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William Mackenzie (1791-1868) was the only son of a well-to-do family. Educated originally for the church, he deviated into medicine and was inspired to specialize in the eye by Beer of Vienna. In 1824, he founded the famous Glasgow (Scotland) Eye Infirmary and eventually became one of the foremost ophthalmologists of his era. His book A Practical Treatise on the Diseases of the Eye was the first large and comprehensive textbook of ophthalmology written in the English language. It was published in 1830 and was an immediate, outstanding success.
In the original text the 19 chapters are systematically arranged, starting anteriorly with the orbit and lacrimal apparatus and working their way back through the posterior segment. Some of the clinical observations are quite modern in concept but most are limited by the meager knowledge and therapeutic armamentarium of the period. For example, occlusion of the better eye in strabismus is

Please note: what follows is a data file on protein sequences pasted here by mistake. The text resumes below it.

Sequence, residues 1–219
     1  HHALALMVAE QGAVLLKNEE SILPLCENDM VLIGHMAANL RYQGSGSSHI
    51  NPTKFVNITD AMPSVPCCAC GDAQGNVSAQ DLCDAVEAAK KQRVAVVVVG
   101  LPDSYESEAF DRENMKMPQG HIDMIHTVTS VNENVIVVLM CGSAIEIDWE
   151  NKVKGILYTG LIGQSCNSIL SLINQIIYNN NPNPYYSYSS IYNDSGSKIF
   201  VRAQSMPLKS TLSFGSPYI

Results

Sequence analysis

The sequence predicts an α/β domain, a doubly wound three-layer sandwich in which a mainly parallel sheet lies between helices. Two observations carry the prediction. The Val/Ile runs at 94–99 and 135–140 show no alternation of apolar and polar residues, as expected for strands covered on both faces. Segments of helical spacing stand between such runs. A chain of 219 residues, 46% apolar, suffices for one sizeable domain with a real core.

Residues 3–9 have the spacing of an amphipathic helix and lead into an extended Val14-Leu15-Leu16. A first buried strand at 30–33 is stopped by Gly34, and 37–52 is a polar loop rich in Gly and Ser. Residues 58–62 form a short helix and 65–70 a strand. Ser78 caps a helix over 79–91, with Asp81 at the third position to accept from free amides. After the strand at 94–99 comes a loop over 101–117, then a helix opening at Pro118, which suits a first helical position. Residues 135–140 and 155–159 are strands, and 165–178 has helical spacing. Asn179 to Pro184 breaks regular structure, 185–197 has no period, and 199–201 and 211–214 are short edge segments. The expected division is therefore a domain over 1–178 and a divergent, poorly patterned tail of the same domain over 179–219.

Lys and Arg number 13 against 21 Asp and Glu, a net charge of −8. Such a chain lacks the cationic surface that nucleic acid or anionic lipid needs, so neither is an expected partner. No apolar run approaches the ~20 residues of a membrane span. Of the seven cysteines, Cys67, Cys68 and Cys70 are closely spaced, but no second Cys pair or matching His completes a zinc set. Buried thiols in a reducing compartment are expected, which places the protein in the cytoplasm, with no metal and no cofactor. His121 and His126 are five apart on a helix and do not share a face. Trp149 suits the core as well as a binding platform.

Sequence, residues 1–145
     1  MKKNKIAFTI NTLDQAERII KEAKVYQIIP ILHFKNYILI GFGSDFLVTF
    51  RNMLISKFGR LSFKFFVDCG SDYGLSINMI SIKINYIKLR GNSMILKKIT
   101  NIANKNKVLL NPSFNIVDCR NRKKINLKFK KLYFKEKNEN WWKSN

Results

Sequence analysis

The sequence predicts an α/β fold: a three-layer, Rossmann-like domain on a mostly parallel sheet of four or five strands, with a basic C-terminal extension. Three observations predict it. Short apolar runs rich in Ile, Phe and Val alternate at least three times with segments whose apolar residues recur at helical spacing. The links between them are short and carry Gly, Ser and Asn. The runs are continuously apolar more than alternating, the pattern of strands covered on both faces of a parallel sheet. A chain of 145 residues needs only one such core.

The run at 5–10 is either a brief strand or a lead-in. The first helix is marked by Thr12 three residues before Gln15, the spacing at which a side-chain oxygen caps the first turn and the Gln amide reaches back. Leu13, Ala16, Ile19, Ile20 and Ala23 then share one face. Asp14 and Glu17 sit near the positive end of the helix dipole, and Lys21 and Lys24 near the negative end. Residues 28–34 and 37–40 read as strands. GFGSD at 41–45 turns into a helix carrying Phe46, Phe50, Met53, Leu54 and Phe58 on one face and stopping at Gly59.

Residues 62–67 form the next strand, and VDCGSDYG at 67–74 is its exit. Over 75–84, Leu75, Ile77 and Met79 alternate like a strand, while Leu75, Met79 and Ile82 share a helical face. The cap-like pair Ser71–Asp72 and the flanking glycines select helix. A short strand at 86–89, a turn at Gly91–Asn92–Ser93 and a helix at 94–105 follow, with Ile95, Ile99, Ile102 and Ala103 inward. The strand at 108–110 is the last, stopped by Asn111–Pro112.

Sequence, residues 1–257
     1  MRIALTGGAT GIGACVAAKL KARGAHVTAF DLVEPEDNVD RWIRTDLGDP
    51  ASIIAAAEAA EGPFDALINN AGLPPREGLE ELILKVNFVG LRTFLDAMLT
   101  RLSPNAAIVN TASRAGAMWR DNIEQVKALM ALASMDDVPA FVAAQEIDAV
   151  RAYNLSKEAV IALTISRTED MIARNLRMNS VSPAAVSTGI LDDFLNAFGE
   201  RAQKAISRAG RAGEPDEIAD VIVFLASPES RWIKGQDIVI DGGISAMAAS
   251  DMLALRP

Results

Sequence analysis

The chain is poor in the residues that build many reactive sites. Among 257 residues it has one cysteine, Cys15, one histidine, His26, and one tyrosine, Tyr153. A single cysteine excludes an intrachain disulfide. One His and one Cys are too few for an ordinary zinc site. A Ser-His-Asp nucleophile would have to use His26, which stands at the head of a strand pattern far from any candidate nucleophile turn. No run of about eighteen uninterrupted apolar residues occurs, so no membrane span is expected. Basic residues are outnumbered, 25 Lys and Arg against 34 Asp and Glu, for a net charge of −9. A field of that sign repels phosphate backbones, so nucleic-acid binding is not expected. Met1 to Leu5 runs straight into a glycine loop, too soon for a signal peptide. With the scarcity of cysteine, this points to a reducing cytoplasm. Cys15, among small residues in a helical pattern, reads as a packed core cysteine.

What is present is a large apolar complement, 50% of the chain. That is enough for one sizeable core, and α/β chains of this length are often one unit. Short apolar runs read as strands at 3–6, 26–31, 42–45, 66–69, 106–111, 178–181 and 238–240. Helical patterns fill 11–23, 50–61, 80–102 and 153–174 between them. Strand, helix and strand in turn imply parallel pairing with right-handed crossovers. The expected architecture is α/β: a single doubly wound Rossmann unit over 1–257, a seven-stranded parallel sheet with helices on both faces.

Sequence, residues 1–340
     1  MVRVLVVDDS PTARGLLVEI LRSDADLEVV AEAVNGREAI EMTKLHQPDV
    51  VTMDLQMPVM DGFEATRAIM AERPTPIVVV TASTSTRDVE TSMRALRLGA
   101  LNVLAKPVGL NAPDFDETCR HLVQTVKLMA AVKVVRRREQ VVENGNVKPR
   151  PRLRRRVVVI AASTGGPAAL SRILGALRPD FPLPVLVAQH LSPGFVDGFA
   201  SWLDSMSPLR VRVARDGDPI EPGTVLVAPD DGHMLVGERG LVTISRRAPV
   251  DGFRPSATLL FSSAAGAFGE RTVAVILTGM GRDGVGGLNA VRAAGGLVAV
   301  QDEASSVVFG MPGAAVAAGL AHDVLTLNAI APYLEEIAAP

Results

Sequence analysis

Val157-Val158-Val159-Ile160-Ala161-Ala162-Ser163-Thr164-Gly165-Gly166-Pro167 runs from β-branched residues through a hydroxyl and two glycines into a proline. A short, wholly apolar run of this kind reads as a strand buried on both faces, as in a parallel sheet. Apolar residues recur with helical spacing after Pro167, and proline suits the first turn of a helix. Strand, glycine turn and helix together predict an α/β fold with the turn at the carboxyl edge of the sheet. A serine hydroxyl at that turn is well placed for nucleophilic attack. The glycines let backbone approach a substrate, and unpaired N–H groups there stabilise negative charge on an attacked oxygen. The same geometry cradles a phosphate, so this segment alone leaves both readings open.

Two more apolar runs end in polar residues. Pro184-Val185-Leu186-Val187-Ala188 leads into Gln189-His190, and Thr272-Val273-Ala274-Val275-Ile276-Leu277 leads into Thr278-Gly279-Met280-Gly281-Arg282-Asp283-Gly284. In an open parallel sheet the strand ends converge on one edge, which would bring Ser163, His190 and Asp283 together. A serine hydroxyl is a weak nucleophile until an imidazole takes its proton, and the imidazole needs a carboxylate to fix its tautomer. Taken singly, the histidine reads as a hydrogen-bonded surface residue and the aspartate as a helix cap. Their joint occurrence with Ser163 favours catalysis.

Pollen A. A Practical Treatise on the Diseases of the Eye. Arch Ophthalmol. 1986;104(9):1282–1283. doi:10.1001/archopht.1986.01050210036018
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